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June 1984

Effects of Echothiophate on Enzymatic Hydrolysis of Dipivefrin

Author Affiliations

From the Biochemistry Section, Allergan Pharmaceuticals, Irvine, Calif (Dr Anderson and Mr Richman); the Department of Ophthalmology, University of California at Irvine College of Medicine (Dr Anderson); and the Departments of Ophthalmology and Pharmacology, Mount Sinai School of Medicine, New York, and the Bronx Veterans Administration Hospital (NY) (Dr Mindel).

Arch Ophthalmol. 1984;102(6):913-916. doi:10.1001/archopht.1984.01040030733032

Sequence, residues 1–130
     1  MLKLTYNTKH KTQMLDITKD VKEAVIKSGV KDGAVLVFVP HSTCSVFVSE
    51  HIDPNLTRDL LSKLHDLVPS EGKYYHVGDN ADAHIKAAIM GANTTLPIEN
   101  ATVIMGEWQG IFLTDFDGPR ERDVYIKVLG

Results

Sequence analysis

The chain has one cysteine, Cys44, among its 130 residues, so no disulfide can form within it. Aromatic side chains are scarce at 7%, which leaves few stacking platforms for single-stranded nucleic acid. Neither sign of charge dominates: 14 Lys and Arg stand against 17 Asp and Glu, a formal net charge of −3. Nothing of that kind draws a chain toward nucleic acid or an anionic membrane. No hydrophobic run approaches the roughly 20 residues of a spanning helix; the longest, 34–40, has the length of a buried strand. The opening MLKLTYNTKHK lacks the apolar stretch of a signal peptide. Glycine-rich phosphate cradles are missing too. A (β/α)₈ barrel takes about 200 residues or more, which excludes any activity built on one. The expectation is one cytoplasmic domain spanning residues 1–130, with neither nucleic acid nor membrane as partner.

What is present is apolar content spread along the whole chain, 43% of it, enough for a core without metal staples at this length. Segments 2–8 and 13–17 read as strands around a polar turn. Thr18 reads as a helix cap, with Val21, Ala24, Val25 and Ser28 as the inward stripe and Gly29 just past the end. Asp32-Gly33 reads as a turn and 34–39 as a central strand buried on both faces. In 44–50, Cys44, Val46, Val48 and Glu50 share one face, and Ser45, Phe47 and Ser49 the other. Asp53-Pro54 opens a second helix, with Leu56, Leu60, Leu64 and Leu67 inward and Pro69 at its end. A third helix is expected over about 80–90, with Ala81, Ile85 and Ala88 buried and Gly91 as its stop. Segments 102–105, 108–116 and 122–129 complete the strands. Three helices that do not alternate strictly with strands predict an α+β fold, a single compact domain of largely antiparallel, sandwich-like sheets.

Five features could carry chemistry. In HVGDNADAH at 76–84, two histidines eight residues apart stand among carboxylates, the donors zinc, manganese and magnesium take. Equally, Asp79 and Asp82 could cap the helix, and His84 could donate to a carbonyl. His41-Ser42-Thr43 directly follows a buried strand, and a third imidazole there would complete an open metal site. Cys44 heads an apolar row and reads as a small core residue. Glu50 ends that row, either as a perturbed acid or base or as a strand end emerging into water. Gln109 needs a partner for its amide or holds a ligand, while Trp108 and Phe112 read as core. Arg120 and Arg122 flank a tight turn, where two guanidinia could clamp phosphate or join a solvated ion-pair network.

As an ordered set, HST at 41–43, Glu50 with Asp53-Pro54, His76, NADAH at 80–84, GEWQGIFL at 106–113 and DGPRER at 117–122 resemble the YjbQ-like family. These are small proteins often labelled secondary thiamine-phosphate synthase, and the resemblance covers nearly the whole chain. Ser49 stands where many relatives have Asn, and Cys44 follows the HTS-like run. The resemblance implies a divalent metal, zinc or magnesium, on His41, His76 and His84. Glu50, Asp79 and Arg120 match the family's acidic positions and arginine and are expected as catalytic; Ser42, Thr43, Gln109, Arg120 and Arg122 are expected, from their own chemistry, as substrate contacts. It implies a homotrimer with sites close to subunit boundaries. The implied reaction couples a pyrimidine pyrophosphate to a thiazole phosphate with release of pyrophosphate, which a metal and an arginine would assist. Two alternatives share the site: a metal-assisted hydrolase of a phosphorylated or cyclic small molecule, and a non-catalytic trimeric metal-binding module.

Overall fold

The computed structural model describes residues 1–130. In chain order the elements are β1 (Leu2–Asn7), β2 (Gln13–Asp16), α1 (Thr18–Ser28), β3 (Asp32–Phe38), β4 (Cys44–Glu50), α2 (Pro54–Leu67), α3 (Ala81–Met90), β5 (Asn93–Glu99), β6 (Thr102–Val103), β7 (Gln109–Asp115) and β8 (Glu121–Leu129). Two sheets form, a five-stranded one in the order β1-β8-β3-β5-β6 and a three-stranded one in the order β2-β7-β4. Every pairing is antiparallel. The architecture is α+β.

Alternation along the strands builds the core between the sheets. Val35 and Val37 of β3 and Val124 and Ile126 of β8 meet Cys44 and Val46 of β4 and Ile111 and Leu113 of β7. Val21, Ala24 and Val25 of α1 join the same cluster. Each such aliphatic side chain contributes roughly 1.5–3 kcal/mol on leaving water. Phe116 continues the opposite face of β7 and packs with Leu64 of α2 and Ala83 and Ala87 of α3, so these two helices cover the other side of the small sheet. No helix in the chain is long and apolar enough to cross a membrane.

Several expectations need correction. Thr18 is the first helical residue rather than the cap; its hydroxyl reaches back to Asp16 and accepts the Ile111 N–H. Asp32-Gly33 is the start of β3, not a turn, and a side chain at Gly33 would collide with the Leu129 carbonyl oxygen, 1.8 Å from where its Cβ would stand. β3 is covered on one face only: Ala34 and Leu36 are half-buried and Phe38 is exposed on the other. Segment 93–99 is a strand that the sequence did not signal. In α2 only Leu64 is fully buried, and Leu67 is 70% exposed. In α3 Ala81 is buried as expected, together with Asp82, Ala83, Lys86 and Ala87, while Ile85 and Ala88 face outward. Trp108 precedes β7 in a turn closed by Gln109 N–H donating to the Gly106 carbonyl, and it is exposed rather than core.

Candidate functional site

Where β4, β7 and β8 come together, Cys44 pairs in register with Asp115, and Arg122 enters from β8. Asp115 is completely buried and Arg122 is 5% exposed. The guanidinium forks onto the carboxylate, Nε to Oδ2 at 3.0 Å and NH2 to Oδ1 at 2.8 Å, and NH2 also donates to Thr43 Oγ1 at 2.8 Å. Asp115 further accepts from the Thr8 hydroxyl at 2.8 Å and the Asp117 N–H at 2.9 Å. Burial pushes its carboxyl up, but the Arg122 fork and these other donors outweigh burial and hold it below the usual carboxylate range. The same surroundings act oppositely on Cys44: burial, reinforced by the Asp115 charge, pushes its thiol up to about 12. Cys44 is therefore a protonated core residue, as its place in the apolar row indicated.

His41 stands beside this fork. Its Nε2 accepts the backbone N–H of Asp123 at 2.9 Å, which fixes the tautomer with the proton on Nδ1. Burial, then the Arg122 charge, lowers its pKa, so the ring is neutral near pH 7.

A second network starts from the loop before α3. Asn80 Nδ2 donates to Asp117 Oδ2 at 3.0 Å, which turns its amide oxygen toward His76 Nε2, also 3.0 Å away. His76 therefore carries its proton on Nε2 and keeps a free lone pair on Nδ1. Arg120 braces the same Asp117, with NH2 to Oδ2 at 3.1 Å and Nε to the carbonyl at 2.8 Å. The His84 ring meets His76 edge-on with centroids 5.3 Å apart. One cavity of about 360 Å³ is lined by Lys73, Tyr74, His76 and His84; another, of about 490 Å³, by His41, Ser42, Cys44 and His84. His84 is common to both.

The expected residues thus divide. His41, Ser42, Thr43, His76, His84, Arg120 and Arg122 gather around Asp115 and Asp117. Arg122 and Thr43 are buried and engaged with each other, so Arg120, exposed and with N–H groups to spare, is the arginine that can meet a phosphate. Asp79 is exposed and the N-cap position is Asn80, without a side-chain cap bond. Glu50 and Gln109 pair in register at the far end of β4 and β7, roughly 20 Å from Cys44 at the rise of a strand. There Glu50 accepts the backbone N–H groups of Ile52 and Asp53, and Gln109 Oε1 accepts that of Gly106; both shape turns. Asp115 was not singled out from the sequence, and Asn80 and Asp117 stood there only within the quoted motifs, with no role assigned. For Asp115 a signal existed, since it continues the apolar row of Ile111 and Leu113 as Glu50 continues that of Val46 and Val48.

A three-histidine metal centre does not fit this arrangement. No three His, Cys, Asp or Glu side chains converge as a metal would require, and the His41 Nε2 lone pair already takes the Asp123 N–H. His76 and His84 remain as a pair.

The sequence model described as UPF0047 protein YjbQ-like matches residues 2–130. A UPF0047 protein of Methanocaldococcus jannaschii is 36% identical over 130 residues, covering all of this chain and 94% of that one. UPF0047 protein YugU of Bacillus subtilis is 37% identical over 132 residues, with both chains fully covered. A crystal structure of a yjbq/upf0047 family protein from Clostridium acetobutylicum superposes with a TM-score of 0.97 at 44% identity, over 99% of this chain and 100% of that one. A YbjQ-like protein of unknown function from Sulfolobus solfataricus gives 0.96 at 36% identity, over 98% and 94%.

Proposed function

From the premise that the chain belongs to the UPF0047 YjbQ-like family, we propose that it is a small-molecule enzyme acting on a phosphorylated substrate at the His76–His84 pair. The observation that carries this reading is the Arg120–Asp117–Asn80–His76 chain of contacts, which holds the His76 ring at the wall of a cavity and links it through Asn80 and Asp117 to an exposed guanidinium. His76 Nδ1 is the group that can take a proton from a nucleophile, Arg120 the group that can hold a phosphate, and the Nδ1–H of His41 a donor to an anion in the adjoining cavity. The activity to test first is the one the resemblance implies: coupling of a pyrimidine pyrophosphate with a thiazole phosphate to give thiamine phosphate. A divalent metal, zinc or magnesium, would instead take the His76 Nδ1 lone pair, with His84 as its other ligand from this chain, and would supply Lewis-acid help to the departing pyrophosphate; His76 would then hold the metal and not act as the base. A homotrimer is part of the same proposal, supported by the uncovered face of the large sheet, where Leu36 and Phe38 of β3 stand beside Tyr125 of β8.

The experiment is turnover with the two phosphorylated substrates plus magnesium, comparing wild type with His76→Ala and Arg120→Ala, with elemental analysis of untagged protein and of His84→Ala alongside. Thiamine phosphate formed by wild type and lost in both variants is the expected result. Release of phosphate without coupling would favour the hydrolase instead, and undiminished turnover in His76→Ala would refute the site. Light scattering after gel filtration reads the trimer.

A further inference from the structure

• Dipivefrin is an antiglaucoma prodrug that is hydrolyzed to the active drug, epinephrine, by esterases in the cornea. Since cholinergic antiglaucoma agents are frequently used in combination with adrenergic agents, it was of interest to determine the effects of a commonly used irreversible cholinesterase inhibitor, echothiophate (Phospholine) iodide, on the dipivefrin esterases. In vitro studies showed that echothiophate is a competitive, reversible inhibitor of the soluble corneal dipivefrin esterases. In vivo studies substantiated the reversible nature of echothiophate inhibition, since no inhibition of dipivefrin hydrolysis could be detected 1% hours after echothiophate treatment and as early as 15 minutes after dipivefrin application.

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